Thursday, April 24, 2014

Has US foreign policy record ever been weaker?

When President Barack Obama replaced Hillary Clinton on February 1, 2013 with John Kerry as his Secretary of State, he effectively removed the last vestige of effective U.S. foreign policy.

This is not to say that Hillary Clinton was so great at foreign policy, but that John Kerry is so ineffectual at it. Add to this the possibility that Obama might finish his second term as one of the presidents with the worst foreign policy record.

Kerry committed a diplomatic blunder that allowed the Syrian dictator Bashar al-Assad to avoid a military strike against him as a consequence of the Syrian forces’ August 2013 chemical weapons attack on the Ghouta suburbs of Damascus. In so doing, Kerry made Obama seem weak for drawing a line and not following through as he had threatened. Kerry was played like the neophyte he is by Russia’s President Putin.

In what could have been President Obama’s crowning foreign policy achievement, he and Kerry couldn’t get the peace talks between the Israelis and the Palestinians off the ground. And, today, Israel has suspended the talks in response to a reconciliation deal between Hamas and Fatah. America led by Barack Obama clearly lacks the moral suasion needed to bring such fractious parties together and to “make” them keep talking to one another.

The rapprochement between Iran and the U.S., which began in the second half of 2013, will be proved to have been a mistake and will do nothing to prevent Iran from developing a nuclear weapon. Iran, Russia, Syria and North Korea all use multi-lateral talks as delaying tactics. They agree to certain things while simultaneously carrying on as before, ignoring any agreements reached in the talks. That is to say, Iran is gaming the U.S.

Despite lines being drawn and threats being made by them, neither President Obama nor John Kerry has had the slightest influence on Russia’s armed aggression against Ukraine. Under the current administration, America has become a paper tiger, notwithstanding the fact it owns by far the most powerful armed forces in the world.

Ukraine has been pretty much left to face alone the super-power-sized military of Russia, despite the U.S. being a signatory to the Budapest Memorandum on Security Assurances, a political agreement signed in Hungary in 1994, which provided security assurances to Ukraine in return for it giving up its Nuclear Weapons.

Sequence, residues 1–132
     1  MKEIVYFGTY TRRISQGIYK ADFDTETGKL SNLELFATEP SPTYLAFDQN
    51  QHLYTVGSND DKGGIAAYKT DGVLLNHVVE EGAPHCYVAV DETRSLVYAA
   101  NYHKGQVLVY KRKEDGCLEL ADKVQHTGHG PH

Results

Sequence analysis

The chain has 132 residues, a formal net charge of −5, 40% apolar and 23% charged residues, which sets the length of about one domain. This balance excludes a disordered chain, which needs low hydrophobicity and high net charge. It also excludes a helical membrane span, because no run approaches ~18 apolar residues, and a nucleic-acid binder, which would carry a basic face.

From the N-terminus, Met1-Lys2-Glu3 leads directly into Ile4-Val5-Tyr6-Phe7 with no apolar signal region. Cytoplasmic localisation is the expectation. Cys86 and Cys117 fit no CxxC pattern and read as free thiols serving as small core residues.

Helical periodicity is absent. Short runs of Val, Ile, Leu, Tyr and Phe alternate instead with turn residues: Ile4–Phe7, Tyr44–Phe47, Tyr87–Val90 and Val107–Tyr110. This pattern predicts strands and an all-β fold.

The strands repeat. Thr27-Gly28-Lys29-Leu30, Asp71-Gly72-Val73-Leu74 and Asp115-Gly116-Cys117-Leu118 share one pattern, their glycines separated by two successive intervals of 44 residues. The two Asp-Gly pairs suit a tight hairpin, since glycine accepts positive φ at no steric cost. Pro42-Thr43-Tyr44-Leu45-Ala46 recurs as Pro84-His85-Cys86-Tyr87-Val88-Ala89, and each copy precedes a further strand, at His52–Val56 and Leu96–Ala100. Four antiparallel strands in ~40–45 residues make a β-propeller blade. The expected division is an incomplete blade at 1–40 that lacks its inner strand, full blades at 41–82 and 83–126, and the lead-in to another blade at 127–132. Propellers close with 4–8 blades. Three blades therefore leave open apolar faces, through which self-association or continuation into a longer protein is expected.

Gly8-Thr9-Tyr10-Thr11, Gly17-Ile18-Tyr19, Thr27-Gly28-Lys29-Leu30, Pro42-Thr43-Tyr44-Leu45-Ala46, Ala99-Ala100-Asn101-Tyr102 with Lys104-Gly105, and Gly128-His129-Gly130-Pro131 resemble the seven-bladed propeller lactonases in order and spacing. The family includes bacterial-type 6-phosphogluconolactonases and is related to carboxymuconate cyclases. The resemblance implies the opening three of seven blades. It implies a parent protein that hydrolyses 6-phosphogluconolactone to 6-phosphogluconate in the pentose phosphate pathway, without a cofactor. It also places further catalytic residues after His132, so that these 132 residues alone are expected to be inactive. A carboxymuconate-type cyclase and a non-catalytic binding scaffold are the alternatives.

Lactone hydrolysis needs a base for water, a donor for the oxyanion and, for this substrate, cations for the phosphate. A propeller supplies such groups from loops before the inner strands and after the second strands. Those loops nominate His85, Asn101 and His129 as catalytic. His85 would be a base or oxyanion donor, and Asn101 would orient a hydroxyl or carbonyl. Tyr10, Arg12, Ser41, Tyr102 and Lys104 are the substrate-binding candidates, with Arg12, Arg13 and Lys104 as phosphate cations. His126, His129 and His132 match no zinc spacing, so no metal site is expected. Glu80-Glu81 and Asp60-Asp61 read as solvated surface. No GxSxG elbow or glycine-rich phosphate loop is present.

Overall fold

Here too, Russia has used multi-lateral talks to delay and obfuscate. It has ignored an accord to disarm pro-Russian forces in eastern Ukraine, which was signed only last week in Geneva by Ukraine, Russia, the European Union and the U.S.

National borders in Eastern Europe and the Baltic are under threat by Russia, which has already illegally ceased Crimea, and the U.S. foreign affairs team fulminates and blusters, but shows little leadership.

On the home front, President Obama is trying to score domestic political points with environmentalists by refusing cross-border passage of Canadian goods—bitumen from the Alberta oil sands—even though the most recent U.S. State Department report found the Keystone XL pipeline wouldn’t increase greenhouse gas emissions, because the oil will eventually find a market whether or not Keystone XL pipeline is built.

The supposed reason for the delay is to wait for a Nebraska court challenge. I think we all know, however, that the administration simply does not want to make the controversial decision before the midterm elections.

The process has gone on well past five years with multiple applications, numerous federal reviews and comment periods and many opportunities for consultation along the way.

The latest edition of Rasmussen Reports found 61 per cent of likely U.S. voters support building Keystone XL. Obama’s own State Department has given the project the green-light and, moreover, Canada needs that pipeline to get its product to market.

Nonetheless, Obama puts political gain ahead of friendly relations with a long-time ally, for he won’t do anything to cross billionaire climate activist Tom Steyer, who reportedly plans to provide millions for the 2014 congressional elections, and who is a staunch opponent of constructing the pipeline.

Republican Senator Lisa Murkowski of Alaska called the Keystone XL decision’s delay “a stunning act of political cowardice.”

I don’t know whether or not Obama is a coward, but he sure isn’t acting like the leader of Canada’s staunchest ally. Really, with friends like Barak Obama, Canada doesn’t need enemies.

Barack Obama: statesman and leader of the free world or just another Chicago-style political boss?

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